Some have suggested kicking Russia out of the G-8, the club constituted by the world's economic powers. But Obama can't do that alone, and German chancellor Angela Merkel has stated that she won't go along.
Even if Russia were evicted from that elite conclave it's not going to change the arithmetic of power in Ukraine and the facts of geography. Both overwhelmingly favor Putin. Yes, Russian prestige would take a hit, but Putin's got very thick skin.
The same applies to boycotting the upcoming G-8 summit in Sochi (yes, that Sochi). That's not going to convince Putin to rethink what he's done. Besides, the meeting won't be held till June.
What's more, six members of the G-8 (Britain, Canada, France, Germany, Italy, and Japan) have already joined the United States to announce that they will "suspend" participation in the summit until normalcy returns to Ukraine.
There are certainly various forms of economic pressure that could be applied to get Russia's attention. But none would work unless other states with clout in the global marketplace joined the effort -- the leading members of the European Union, for example.
But Putin can apply counter pressure. Europe still gets a good proportion of its natural gas from Russia--about a quarter of its consumption: 270 million cubic meters a day. And it's wintertime, incidentally. Even under the best of circumstances, sanctions would take time to bite. Simply announcing them won't convince Putin to retreat.
Are there things Mr. Obama can do? Sure there are.
The president can make it clear that the United States condemns what Russia has done.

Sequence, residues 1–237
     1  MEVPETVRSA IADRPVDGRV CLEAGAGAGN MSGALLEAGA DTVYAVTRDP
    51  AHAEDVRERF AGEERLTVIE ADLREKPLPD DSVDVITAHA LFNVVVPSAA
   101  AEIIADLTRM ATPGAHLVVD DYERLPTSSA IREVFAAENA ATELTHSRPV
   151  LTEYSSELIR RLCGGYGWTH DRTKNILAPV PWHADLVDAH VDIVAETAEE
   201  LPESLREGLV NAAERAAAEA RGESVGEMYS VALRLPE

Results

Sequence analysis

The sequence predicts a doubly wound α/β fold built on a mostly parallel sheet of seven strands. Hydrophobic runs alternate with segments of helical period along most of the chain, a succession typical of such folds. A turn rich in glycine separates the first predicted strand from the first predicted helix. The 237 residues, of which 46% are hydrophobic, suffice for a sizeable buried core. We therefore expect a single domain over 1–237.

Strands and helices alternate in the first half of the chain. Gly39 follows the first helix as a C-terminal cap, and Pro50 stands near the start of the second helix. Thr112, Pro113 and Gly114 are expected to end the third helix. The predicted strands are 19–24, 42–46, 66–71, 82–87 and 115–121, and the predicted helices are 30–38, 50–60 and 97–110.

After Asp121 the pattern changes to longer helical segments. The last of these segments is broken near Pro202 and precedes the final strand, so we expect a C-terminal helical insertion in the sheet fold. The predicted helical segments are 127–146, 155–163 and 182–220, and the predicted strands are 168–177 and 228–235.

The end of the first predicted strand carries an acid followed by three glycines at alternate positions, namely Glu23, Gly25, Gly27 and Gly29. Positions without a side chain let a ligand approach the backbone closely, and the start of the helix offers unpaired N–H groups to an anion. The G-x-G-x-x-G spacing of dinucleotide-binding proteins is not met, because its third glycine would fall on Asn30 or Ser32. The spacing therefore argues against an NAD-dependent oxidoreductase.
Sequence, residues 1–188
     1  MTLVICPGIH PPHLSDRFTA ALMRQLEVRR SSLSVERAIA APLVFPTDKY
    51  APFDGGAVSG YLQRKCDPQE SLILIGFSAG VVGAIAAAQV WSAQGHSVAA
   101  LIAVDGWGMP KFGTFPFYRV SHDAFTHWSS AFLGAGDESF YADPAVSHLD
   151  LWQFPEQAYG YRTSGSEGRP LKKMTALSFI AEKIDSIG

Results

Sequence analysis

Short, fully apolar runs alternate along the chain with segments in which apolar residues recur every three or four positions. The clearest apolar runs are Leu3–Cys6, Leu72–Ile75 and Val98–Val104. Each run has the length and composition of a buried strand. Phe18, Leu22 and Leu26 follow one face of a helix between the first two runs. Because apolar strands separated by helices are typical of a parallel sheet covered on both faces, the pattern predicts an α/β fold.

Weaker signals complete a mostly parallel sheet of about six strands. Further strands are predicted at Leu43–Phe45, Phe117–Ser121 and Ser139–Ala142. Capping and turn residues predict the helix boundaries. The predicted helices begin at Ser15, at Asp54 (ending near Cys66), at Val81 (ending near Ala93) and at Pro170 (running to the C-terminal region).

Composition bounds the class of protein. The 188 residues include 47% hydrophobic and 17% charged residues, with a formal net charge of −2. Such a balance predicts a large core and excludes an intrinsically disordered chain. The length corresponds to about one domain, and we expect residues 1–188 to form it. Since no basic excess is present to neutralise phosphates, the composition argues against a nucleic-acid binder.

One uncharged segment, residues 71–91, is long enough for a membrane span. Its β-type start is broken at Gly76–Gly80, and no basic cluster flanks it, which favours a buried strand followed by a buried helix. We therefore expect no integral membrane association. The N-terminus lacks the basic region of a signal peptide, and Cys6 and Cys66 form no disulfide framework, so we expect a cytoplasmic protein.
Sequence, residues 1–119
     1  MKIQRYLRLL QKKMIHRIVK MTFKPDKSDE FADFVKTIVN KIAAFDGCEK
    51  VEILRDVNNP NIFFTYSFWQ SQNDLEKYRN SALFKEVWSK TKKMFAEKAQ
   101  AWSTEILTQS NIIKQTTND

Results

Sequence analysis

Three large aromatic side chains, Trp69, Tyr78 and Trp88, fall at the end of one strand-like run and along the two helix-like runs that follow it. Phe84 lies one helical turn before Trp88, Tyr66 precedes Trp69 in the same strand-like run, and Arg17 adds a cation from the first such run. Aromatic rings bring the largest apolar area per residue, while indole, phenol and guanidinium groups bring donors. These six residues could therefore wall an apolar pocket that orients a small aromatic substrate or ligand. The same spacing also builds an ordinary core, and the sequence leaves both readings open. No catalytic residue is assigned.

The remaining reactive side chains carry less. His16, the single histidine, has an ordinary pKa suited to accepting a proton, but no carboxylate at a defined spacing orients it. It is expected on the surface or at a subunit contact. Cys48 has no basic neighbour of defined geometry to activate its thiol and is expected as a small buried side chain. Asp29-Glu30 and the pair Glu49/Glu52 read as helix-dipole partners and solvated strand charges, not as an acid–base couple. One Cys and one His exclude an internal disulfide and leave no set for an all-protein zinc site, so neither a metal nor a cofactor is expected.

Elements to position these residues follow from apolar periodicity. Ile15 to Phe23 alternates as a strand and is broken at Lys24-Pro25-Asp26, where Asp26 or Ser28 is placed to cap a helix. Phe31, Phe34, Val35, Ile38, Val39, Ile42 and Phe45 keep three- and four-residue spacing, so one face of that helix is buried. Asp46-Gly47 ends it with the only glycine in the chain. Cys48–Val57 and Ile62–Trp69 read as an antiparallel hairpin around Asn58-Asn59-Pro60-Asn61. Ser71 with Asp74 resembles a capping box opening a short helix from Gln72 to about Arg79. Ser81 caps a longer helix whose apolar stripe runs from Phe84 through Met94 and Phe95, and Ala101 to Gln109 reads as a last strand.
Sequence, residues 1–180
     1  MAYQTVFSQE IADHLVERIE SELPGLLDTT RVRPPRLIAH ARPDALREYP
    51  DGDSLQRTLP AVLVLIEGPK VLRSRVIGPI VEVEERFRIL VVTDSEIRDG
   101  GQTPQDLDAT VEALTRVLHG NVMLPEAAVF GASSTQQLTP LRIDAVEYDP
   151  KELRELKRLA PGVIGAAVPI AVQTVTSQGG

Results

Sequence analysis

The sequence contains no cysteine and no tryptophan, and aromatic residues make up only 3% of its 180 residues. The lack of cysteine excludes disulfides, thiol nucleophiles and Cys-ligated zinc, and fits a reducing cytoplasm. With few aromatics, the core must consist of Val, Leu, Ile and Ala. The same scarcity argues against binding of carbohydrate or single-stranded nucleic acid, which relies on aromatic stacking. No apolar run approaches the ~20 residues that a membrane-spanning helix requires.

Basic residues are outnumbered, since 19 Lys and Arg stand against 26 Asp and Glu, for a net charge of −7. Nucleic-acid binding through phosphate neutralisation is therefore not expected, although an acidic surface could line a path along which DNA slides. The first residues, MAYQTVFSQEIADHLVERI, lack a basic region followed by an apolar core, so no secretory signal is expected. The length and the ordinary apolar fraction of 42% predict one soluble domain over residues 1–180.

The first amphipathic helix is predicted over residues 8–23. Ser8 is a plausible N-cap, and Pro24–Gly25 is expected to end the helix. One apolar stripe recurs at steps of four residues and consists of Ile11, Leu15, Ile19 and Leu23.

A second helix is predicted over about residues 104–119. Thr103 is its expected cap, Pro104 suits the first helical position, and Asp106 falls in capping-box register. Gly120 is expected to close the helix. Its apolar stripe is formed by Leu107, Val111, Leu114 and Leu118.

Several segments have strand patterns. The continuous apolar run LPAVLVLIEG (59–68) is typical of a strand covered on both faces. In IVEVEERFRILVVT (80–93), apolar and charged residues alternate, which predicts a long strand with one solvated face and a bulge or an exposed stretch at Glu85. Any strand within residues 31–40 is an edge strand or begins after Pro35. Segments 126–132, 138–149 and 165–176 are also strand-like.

He can rally other countries to join the chorus of criticism.
He can -- and really should -- stop issuing warnings to Putin about serious consequences and costs. So should Secretary of State John Kerry. That kind of verbiage merely highlights the limitations of American power in this instance and diminishes the president's credibility.
Don't make threats you can't or won't implement. Better to speak softly and mean what you say. (You'll recall that Syrian president Bashar al-Assad crossed Obama's "red line" in August and used chemical weapons against civilians.)
Together with Europe, Japan, and the IMF, Obama can mobilize the money that Ukraine, teetering on the brink of default, desperately needs.
Mr. Obama is already doing much of this.
Meanwhile, if anyone has a concrete plan that will impel Putin to order his troops to stand down, they should present it. But let's stop making Ukraine's crisis into an occasion for Chicken Little-like warnings, jeremiads about the erosion of American power (not everything is about us), rants about Obama's fecklessness, and calls for showing Putin who's boss.
That's what armchair strategists who have the luxury of sounding off without having to bear responsibility for the consequences of their advice do.
That's their right. But you don't want them in the White House. Nor should you pay attention to their chest thumping or prophesies of doom.